In the present paper, we identified and cloned OsDHODH1 encoding a putative cytosolic dihydroorotate dehydrogenase (DHODH) in rice. Expression analysis indicated that OsDHODH1 is upregulated by salt, drought and exogenous abscisic acid (ABA), but not by cold. By prokaryotic expression, we determined the enzymatic activity of OsDHODH1 and found that overproduction of OsDHODH1 significantly improved the tolerance of Escherichia coli cells to salt and osmotic stresses. Overexpression of the OsDHODH1 gene in rice increased the DHODH activity and enhanced plant tolerance to salt and drought stresses as compared with wild type and OsDHODH1-antisense transgenic plants. Our findings reveal, for the first time, that cytosolic dihydroorotate dehydrogenase is involved in plant stress response and that OsDHODH1 could be used in engineering crop plants with enhanced tolerance to salt and drought.
Liu WY, Wang MM, Huang J, Tang HJ, Lan HX, Zhang HS (2009). The OsDHODH1 gene is involved in salt and drought tolerance in rice. J. Integr. Plant Biol. 51(9), 825–833.
Rice endosperm plays a very important role in seedling germination and determines the qualities of rice grain. Although studies on specific gene categories in endosperm have been carried out, global view of gene expression at a transcription level in rice endosperm is still limited. To gain a better understanding of the global and tissue-specific gene expression profiles in rice endosperm, a cDNA library from rice endosperm of immature seeds was sequenced. A cDNA array was constructed based on the tentative unique transcripts derived from expression sequence tag (EST) assembling results and then hybridized with cDNAs from five different tissues or organs including endosperm, embryo, leaf, stem and root of rice. Significant redundancy was found for genes encoding prolamin, glutelin, allergen, and starch synthesis proteins, accounting for ∼34% of the total ESTs obtained. The cDNA array revealed 87 significantly expressed genes in endosperm compared with the other four organs or tissues. These genes included 13 prolamin family proteins, 17 glutelin family proteins, 12 binding proteins, nine catalytic proteins and four ribosomal proteins, indicating a complicated biological processing in rice endosperm. In addition, Northern verification of 1,4-alpha-glucan branching enzyme detected two isoforms in rice endosperm, the larger one of which only existed in endosperm.
Transposons are effective mutagens alternative to T-DNA for the generation of insertional mutants in many plant species including those whose transformation is inefficient. The current strategies of transposon tagging are usually slow and labor-intensive and yield low frequency of tagged lines. We have constructed a series of transposon tagging vectors based on three approaches: (i) AcTPase controlled by glucocorticoid binding domain/VP16 acidic activation domain/Gal4 DNA-binding domain (GVG) chemical-inducible expression system; (ii) deletion of AcTPase via Cre-lox site-specific recombination that was initially triggered by Ds excision; and (iii) suppression of early transposition rice callus through a dual-functional hygromycin resistance gene in a novel Ds element (HPT-Ds). We tested these vectors in transgenic rice and characterized the transposition events. Our results showed that these vectors are useful resources for functional genomics of rice and other crop plants. The vectors are freely available for the community.
Qu S, Jeon JS, Ouwerkerk PBF, Bellizzi M, Leach J, Ronald P, Wang GL (2009). Construction and application of efficient Ac-Ds transposon tagging vectors in rice. J. Integr. Plant Biol. 51(11), 982–992.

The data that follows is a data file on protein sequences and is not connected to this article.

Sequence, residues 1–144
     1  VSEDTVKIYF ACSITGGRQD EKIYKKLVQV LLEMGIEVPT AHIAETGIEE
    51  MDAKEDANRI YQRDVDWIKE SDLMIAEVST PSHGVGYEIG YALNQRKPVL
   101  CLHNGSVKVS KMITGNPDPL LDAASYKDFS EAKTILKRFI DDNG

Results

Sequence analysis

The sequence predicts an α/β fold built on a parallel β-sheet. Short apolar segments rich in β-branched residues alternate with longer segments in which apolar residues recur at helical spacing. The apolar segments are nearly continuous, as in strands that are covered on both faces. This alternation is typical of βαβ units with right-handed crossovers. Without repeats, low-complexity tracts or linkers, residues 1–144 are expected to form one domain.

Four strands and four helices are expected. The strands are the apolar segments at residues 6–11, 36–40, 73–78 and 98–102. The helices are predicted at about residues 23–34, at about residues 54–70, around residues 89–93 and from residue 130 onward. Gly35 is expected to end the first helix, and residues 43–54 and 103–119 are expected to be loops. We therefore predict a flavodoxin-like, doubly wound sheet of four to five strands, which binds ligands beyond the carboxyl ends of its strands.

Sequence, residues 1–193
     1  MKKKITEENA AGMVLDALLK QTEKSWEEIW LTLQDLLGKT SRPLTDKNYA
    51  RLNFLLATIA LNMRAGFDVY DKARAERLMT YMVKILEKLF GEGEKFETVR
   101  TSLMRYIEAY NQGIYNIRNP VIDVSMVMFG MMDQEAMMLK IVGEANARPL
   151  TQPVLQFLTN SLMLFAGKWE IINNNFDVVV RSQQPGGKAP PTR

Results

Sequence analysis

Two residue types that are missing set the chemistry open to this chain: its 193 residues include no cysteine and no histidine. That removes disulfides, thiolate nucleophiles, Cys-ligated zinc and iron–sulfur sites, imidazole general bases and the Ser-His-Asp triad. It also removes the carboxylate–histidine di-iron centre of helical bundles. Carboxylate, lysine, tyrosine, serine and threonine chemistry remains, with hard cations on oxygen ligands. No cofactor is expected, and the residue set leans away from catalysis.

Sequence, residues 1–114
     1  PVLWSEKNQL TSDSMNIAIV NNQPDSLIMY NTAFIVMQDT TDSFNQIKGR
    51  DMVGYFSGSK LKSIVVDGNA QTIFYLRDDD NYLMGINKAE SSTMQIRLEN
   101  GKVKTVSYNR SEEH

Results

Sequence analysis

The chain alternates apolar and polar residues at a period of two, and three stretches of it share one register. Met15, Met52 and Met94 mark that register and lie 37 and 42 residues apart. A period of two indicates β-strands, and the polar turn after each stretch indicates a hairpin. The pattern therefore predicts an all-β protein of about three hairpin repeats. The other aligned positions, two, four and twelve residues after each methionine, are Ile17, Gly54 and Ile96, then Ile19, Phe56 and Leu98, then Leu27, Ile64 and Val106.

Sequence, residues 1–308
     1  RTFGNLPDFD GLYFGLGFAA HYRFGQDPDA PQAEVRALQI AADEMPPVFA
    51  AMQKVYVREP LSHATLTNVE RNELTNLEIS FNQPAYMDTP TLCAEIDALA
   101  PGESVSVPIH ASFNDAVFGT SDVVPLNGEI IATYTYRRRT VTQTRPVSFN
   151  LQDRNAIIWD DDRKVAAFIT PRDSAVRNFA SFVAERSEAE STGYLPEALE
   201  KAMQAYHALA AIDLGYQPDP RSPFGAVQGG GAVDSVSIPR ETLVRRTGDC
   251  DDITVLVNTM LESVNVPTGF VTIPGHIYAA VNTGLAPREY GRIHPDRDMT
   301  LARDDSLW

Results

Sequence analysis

Rice is a model organism for studying the mechanism of cell wall biosynthesis and remolding in Gramineae. Mechanical strength is an important agronomy trait of rice (Oryza sativa L.) plants that affects crop lodging and grain yield. As a prominent physical property of cell walls, mechanical strength reflects upon the structure of different wall polymers and how they interact. Studies on the mechanisms that regulate the mechanical strength therefore consequently results in uncovering the genes functioning in cell wall biosynthesis and remodeling. Our group focuses on the study of isolation of brittle culm (bc) mutants and characterization of their corresponding genes. To date, several bc mutants have been reported. The identified genes have covered several pathways of cell wall biosynthesis, revealing many secrets of monocot cell wall biosynthesis. Here, we review the progress achieved in this research field and also highlight the perspectives in expectancy. All of those lend new insights into mechanisms of cell wall formation and are helpful for harnessing the waste rice straws for biofuel production.
Zhang B, Zhou Y (2011) Rice brittleness mutants: a way to open the ‘black box’ of monocot cell wall biosynthesis. J. Integr. Plant Biol. 53(2),136–142.
A dwarf mutant, designated LB4D, was obtained among the progeny of backcrosses to a wild rice introgression line. Genetic analysis of LB4D indicated that the dwarf phenotype was controlled by a single semidominant dwarfing gene, which was named LB4D. The mutants were categorized as dn-type dwarf mutants according to the pattern of internode reduction. In addition, gibberellin (GA) response tests showed that LB4D plants were neither deficient nor insensitive to GA. This study found that tiller formation by LB4D plants was decreased by 40% compared with the wild type, in contrast to other dominant dwarf mutants that have been identified, indicating that a different dwarfing mechanism might be involved in the LB4D dominant mutant. The reduction of plant height in F1 plants ranged from 27.9% to 38.1% in different genetic backgrounds, showing that LB4D exerted a stronger dominant dwarfing effect. Using large F2 and F3 populations derived from a cross between heterozygous LB4D and the japonica cultivar Nipponbare, the LB4D gene was localized to a 46 kb region between the markers Indel 4 and Indel G on the short arm of chromosome 11, and four predicted genes were identified as candidates in the target region.